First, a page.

President Vladimir Putin expressed his wishes when meeting his Syrian counterpart President Bashar al-Assad in Sochi regarding the withdrawal of all foreign forces from Syria. Nevertheless, the Russian president failed to explain how he would obtain the withdrawal of the US and the Turkish occupation forces of around 50% of the north and east of Syria. These forces have their expansionist plans and geopolitical goals which imply a very long occupation.
Actually, in the light of the explosive situation in the Middle East on several fronts, no force is expected to pull out any time soon. The months to come may reveal belligerent plans that carry the Middle East towards a much wider war. Therefore, both the US and Turkey find it necessary for their forces to be on the ground, very close to the hottest spot in the world, ready to intervene.
President Donald Trump announced months ago his intention to pull out his forces from Syria. He is not ordering his forces to attack and defeat ISIS in al-Hasaka and Deir-ezzour provinces. Many months have gone by with little military activity against ISIS, not serious enough to justify the presence of the US forces and to realistically indicate the declared intention to wage war and destroy exclusively the terrorist group.
Meantime, Washington maintains two main military airports and several bases to host large contingents in the north, and commands around 35,000 militants, Kurds and Arabs. Also, the US, British and French forces in the Kurdish northern area and on the east, at al-Tanaf crossing, train, feed and maintain under their command another 30,000 militants.
But the US is not the only occupation force in the area: Turkey took control of Afrin and Idlib where between 70,000 to 100,000 militants are based, including al-Qaeda (in its old version Hayat Tahrir al-Sham, aka Jabhat al Nusra) and in its new more radical version Horras al-Deen (the Guardians of the Religion). Turkey has established schools, imposed the Turkish language and considers this Syrian territory to be part of Turkey.
Syria is not under northern threat only: in the south, Israel is trying to impose itself on the Syrian theatre. During the years of war, Tel Aviv bombed Syrian and Iranian positions over 100 times.
The explosive situation in the Levant moved towards Palestine where Trump has declared the Palestinian Capital (east and west) as the Capital of Israel, and has inaugurated the new US embassy in Jerusalem, triggering large unrest among the local population.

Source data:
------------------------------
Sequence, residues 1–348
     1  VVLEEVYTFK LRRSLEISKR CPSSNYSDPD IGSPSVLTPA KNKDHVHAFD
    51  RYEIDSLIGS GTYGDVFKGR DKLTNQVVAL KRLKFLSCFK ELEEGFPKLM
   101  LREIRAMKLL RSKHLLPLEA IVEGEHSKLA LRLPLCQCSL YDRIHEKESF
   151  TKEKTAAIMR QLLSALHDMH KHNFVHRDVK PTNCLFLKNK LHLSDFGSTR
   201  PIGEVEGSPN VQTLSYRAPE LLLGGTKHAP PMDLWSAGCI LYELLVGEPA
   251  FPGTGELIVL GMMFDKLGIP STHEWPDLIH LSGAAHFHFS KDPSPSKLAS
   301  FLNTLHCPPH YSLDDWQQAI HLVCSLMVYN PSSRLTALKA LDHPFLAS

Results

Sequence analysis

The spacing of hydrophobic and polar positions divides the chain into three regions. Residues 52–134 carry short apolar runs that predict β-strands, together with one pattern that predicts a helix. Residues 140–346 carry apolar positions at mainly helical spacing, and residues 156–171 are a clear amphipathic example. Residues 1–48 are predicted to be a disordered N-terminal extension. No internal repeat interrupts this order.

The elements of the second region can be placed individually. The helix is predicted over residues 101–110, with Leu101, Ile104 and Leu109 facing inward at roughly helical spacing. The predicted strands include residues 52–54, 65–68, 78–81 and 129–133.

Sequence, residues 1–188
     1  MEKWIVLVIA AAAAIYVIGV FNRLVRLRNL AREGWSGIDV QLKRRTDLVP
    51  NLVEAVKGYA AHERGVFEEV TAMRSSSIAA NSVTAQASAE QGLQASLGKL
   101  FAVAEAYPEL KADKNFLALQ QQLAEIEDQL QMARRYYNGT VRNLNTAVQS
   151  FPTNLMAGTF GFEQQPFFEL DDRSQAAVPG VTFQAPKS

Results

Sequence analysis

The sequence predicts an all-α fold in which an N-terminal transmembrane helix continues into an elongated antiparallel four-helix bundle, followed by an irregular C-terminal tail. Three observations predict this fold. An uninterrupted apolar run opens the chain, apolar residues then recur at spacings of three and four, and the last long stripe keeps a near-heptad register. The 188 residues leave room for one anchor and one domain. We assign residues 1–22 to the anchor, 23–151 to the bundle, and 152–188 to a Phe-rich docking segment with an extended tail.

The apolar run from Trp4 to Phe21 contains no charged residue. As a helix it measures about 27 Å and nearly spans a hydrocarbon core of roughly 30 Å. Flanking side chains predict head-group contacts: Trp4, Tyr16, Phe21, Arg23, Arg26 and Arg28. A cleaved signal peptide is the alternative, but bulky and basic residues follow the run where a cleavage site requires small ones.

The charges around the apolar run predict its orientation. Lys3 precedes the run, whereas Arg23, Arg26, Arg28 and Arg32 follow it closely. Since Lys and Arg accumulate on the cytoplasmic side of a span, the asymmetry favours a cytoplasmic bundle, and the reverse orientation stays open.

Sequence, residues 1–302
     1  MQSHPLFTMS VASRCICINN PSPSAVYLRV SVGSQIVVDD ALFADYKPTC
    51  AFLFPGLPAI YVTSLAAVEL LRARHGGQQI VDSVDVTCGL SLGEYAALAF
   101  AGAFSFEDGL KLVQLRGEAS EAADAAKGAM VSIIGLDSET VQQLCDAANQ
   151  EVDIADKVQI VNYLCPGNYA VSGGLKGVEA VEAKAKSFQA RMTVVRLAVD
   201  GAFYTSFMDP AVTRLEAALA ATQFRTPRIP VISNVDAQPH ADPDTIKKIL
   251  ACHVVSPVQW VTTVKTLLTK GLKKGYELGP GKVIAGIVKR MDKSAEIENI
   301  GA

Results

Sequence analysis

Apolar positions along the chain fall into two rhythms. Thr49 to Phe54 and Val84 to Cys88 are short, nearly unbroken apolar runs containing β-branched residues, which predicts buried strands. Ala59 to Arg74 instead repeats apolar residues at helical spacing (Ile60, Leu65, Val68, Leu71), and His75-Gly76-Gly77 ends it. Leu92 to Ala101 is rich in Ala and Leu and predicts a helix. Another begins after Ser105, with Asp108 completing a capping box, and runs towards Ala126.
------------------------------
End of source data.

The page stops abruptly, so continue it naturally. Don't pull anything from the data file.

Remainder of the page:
As if this is was not enough tension, Trump illegally pulled out of the nuclear deal with Iran, leaving no margin for his European partners, and threatening the US-EU economic partnership and European companies if they deal with Iran and don’t revoke the deal.
Almost on a daily basis, Trump has imposed new sanctions on Iran and renewed the sanctions on Hezbollah, Iran’s main ally, as a reminder of who is the “world’s enemy” and where the next goal – and most probably guns – will be directed next.
In fact, according to well-informed sources, there are regular meetings on political and military levels taking place in the Middle East, to discuss and plan the next military action and to study war scenarios against Iran and its allies. These scenarios are discussed, much beyond dozens of cruise missiles: a much larger war hitting Iran first and then turning against Damascus. This is all because the “regime change” fans refuse to accept the reality of facts and “give up” the Levant to Russia and the “axis of the Resistance”.
As quoted above, there are over 150,000 militants, armed, in the north and east of Syria, ready to re-engage and start all over again when Iran – and most probably Hezbollah – are under direct attack, incapable of defending their Syrian ally, believe the planners. It could be that the forces under Turkish control may be preparing to attack the Kurds or expand their perimeter of control to reach Aleppo. Nothing is certain in the Levant but one thing: it is not yet over.
This is the most pessimist scenario to apply in Lebanon, Syria and Iran to impose a “new Middle East” and defeat Russia indirectly. The US will be the biggest participant with its military machine – along with Israel – while Middle Eastern countries are happy to finance this campaign. In fact, Trump’s recent decisions against Iran raised the price of oil that is reaching its highest level in the last 4 years. This is providing additional finance to all countries ready to engage in a new war, even if Iran and Russia benefit also from the increase in oil price.
However, such a possible war scenario will fall heavily on the Middle Eastern (including Iran) and the European populations because the war will definitely – in this case – include maritime and air blockage, hitting the straits of Hormuz (or seizing ships) where almost 20% of the world oil trade flows. In 1988, 2007 and 2008, the straits observed a battle between the US and Iran.Any closure of the straits would affect world trade and price of goods worldwide.
No! No force is expected to pull out of Syria. President Putin can only wish, wanting to embark everyone involved in a political settlement, but knowing that he has no control over the players. Putin has no intention of being dragged into a wider war with any of the countries occupying territory in Syria. Therefore, he has no leverage to convince these countries to pull out.
Damascus and Tehran have the same realistic understanding of the rules of the game, while Putin’s wishes are unrealistic and far from being feasible at the moment.
The “game of the nations” is getting hotter, peace talks are still out of reach. The drums of war are still heard all over the Middle East…and maybe beyond.